9. My husband made me swear I wouldn’t bring home any more six-pack covers.
10. Where’s the bathroom?

If you live in the Boston area and wish to practice your lying, later this month I shall be the New England Romance Writers Conference at the Hawthorne Hotel in Salem, MA. A book fair, with over forty romance writers, will run from 4:00 pm to 5:30 pm on Saturday, April 30th. I’d love to have you stop by and tell me a lie. Failing that, tell me one in the comments section.

Saturday, March 26, 2011

A Mini Excerpt from The Amorous Education

Publication day of The Amorous Education of Celia Seaton is still four months away. I can't even reveal the cover yet, though it's coming soon. But just for fun I decided to post a mini-excerpt.

The door to the humble structure was blocked by a body. The body of a man lying unconscious, wearing nothing but breeches and a pair of riding boots. It had been some years since Celia had seen the bare torso of a grown man, and never a white man. He was pale, as befit a man who was always dressed up to his neck, but the smattering of dark hair, covering the chest and descending in a vee over his flat stomach, didn’t disguise the fact that the skin covered well-formed muscles. This interesting masculine form distracted her only a few seconds from the astonishing fact that she knew him.

And although he was one of several men who had bedeviled her life, she did not actually wish him dead.

Kneeling on the ground she set her fingers to his temple and found a pulse. “Mr. Compton,” she said. “Mr. Compton, wake up. Are you well?”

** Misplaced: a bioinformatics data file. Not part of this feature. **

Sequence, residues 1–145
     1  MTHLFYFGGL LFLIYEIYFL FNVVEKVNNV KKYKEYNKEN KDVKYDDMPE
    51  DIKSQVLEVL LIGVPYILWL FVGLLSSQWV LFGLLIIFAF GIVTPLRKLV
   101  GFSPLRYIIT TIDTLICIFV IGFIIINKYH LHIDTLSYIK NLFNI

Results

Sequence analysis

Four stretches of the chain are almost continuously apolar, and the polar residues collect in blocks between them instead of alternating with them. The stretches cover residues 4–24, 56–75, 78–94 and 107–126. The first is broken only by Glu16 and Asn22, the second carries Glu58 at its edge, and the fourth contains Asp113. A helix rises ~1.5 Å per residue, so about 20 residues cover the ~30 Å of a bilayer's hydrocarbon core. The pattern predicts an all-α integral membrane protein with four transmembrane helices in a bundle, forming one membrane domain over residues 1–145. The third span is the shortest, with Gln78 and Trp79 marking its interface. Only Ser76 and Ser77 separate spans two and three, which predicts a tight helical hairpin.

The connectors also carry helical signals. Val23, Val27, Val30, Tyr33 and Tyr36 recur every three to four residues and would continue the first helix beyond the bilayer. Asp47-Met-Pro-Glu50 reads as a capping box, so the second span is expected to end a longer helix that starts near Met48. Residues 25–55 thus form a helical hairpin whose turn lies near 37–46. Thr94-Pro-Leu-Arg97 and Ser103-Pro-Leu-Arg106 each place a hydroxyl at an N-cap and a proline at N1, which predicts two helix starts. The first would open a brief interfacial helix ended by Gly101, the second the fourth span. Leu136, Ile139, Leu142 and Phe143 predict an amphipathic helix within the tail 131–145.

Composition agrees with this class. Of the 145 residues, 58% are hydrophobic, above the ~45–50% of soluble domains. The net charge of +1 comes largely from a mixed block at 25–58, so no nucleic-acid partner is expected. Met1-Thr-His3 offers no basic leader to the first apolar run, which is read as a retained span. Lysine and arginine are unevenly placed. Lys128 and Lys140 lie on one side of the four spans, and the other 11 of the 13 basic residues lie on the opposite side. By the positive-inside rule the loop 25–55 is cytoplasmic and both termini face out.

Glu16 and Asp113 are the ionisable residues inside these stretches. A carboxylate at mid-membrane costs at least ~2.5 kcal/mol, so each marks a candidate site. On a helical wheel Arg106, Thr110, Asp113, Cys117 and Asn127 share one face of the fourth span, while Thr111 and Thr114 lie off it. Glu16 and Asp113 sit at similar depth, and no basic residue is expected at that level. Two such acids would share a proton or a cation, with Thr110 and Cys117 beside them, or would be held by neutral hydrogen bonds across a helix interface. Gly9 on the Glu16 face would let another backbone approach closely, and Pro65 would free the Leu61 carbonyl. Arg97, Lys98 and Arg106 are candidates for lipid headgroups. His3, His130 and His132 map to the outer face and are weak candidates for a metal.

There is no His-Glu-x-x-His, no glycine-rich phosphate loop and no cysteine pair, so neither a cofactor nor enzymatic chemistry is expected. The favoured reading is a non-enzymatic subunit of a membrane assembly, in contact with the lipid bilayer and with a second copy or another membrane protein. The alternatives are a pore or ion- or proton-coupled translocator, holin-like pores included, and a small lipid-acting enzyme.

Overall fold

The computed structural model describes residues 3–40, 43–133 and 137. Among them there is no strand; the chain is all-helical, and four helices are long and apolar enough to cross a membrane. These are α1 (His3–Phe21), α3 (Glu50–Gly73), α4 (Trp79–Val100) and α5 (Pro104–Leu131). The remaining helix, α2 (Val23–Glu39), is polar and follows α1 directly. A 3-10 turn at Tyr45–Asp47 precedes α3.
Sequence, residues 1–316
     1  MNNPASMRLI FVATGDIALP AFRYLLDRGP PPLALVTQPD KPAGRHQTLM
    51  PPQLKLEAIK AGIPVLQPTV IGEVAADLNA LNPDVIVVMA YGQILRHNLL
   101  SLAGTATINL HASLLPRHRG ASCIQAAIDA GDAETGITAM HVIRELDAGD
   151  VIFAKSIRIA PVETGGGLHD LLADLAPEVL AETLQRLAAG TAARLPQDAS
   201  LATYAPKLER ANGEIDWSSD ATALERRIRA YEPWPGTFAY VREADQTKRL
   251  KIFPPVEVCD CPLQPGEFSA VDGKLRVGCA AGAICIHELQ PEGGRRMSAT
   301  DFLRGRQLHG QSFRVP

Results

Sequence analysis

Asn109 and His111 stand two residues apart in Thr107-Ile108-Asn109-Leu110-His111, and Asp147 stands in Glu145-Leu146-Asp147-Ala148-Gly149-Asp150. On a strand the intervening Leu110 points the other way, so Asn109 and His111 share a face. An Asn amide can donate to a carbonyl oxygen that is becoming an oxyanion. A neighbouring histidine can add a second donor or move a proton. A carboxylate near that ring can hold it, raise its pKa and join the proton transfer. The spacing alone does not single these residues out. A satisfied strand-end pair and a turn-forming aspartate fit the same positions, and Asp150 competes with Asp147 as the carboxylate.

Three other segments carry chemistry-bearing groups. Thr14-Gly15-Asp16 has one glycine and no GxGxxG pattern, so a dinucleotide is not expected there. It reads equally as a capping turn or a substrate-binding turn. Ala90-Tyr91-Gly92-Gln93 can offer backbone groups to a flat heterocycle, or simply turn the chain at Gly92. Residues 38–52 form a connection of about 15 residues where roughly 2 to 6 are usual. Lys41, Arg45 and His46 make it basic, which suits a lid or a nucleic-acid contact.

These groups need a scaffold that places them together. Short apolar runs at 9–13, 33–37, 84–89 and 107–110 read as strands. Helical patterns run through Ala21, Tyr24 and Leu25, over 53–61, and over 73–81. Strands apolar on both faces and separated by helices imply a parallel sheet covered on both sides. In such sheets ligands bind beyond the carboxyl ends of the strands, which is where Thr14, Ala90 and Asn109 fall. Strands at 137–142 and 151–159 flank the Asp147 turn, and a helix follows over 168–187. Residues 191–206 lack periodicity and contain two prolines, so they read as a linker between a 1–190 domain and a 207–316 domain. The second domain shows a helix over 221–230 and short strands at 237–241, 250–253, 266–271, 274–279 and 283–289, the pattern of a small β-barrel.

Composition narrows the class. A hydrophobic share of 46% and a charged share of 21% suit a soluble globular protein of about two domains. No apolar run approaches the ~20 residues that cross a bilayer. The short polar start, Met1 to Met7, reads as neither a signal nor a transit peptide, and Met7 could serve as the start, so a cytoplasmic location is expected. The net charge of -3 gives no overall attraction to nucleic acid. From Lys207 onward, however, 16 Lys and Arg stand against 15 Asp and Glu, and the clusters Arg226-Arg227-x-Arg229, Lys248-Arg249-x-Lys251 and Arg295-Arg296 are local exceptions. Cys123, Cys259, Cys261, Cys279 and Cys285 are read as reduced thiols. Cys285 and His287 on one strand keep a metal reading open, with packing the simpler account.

Nothing. She rested her head on his chest. Judging by the strength of his heartbeat, Mr. Tarquin Compton would live to cause further distress to awkward arrivals on the London marriage mart. She supposed she’d better try to revive him. And much as she detested the creature, she was curious to discover why the ton’s most fashionable gentleman lay half-naked next to a deserted Yorkshire cottage.

Thursday, February 24, 2011

The King's Speech

Oscar night is coming up and I’m rooting for The King’s Speech. And not just because I’ve had a major crush on Colin Firth for years. What a terrific movie: great writing and great acting.

The story describes how the George VI overcame his stammer. It's also about the change to the monarchy brought about by modern communications, in this case radio. Suddenly it mattered how the king spoke. For a century or two the British royal family had basically been German and married members of German royal families. Even Edward VII is said to have spoken with a strong German accent. The family changed its name to Windsor from Saxe-Coburg-Gotha during World War I and from then on spoke like members of the British upper classes. But with radio bringing the king and his voice into millions of homes, sounding English wasn’t enough: he had to be articulate too.

Imagine having a disability and needing to overcome it for your job. And not a job you’ve chosen, but one that’s been thrust upon you by birth and circumstances. The hereditary ruling system, which almost everyone now agrees is absurd, could be tough for the rulers too. It didn’t matter what you wanted: if you were next in line you toed the line and did what had to be done. The hero of the book I’m writing now is the heir to a dukedom and has a secret disability that makes him unsuited to his eventual position. He starts out more like David, the elder brother in The King’s Speech who shirks his responsibilities and renounces the throne. But in the end he turns into more of a Bertie and does what has to be done, even though apparently deeply unsuited to the job. Luckily, like George VI whose relationship with his queen is so touchingly depicted, he has a heroine to help him.